This ambitious 4-year project aims to help 150,000 small-scale poultry producers in Africa to become more productive and efficient by building their businesses and overall sustainability. The PREVENT project will see more than 50 million hatchery-vaccinated day-old chicks distributed annually. It will work with around 40 medium-sized hatcheries spread across eight African countries. The project will enable the hatcheries to provide high-quality, vaccinated day-old chicks to small-scale producers together with practical advice and guidance from a team of field technicians. Previously, these hatcheries did not vaccinate chicks leaving farmers to do this themselves or take the risk and leave them unvaccinated.
To date, the effectiveness of poultry vaccination in Africa has been limited. High temperatures hamper distribution of vaccines, which mostly need to be kept cold. Combined with lack of information about circulating infectious diseases and limited access to vaccines, rural producers can have their flocks and livelihood wiped out overnight.
By providing small-scale producers with better quality chicks, which are already effectively protected from the major infectious poultry diseases before they arrive on the farm, together with improved flock health and husbandry advice, the project aims to cut waste and make poultry production across the target countries much more sustainable.
To date, major animal health businesses, such as Ceva, have focused their vaccine marketing efforts on large-scale hatcheries. This project will enable Ceva, which is co-funding the project, to expand its focus to include small to medium-sized hatcheries and therefore extend the benefits of rearing hatchery-vaccinated chicks to many more small-scale poultry producers.
Today, the absence of local technical support is also a major block to improving the efficiency of poultry production. In the PREVENT program, field technicians will serve as the link between the hatcheries and producers; as well as providing advice and technical support, they will also distribute vaccinated chicks to smaller-scale producers giving them equal opportunity to grow their businesses.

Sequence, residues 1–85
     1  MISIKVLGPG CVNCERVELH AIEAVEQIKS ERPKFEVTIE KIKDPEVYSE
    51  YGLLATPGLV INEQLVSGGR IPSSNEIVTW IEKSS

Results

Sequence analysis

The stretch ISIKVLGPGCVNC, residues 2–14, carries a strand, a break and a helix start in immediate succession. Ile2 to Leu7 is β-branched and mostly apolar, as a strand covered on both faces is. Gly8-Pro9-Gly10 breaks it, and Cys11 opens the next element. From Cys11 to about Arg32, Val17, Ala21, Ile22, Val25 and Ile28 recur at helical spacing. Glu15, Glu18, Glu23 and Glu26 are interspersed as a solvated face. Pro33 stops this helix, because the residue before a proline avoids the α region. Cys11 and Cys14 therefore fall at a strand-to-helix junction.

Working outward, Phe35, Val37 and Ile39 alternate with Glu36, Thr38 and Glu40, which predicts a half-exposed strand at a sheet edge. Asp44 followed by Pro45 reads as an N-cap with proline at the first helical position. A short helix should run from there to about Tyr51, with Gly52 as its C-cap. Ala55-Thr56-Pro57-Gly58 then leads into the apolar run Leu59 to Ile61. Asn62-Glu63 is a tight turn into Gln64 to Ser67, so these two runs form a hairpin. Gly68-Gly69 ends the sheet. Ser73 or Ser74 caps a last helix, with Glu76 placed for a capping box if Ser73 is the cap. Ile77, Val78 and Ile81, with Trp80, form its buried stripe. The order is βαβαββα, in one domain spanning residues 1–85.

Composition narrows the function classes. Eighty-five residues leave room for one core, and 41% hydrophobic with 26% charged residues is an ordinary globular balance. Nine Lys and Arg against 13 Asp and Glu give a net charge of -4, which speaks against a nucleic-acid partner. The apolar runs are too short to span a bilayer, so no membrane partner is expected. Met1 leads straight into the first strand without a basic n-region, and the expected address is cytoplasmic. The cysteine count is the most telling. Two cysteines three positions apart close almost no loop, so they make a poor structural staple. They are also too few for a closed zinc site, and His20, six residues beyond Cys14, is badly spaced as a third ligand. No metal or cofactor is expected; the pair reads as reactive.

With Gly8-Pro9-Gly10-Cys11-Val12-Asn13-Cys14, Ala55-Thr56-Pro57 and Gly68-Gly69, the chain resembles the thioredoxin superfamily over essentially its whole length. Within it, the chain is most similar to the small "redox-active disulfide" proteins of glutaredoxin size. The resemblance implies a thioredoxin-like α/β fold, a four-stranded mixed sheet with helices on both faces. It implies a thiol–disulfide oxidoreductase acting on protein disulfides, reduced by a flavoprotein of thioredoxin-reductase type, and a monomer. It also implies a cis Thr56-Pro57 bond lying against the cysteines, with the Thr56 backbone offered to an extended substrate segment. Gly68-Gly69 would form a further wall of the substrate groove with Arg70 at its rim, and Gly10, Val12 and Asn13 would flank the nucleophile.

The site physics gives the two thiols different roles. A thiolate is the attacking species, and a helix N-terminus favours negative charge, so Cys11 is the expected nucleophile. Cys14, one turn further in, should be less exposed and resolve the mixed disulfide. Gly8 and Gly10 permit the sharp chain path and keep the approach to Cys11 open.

The project plans to be gender intentional by aiming to attain a 60% level of women participation in poultry management activities in the households adopting vaccinated day-old chicks. Also, the large-scale and geographically dispersed nature of the project will offer unprecedented levels of access and insight into the emerging commercial poultry sector in Africa. It is hoped that the information generated and shared by the project will encourage other businesses, such as feed, genetics and equipment suppliers to invest and support the sector.
Marie Ducrotoy, Senior Manager Development Projects and Partnerships and Ceva’s lead for the project commented:
The PREVENT project will make the latest technological innovations, such as, hatchery-vaccinated day-old chicks and technical support available to small-scale poultry farmers across Sub-Saharan Africa. This will strengthen and broaden poultry production in rural areas, enhancing the capacity of smaller farmers to respond to the enormous challenge of producing enough high-quality protein to meet the needs of Africa’s rapidly growing population.”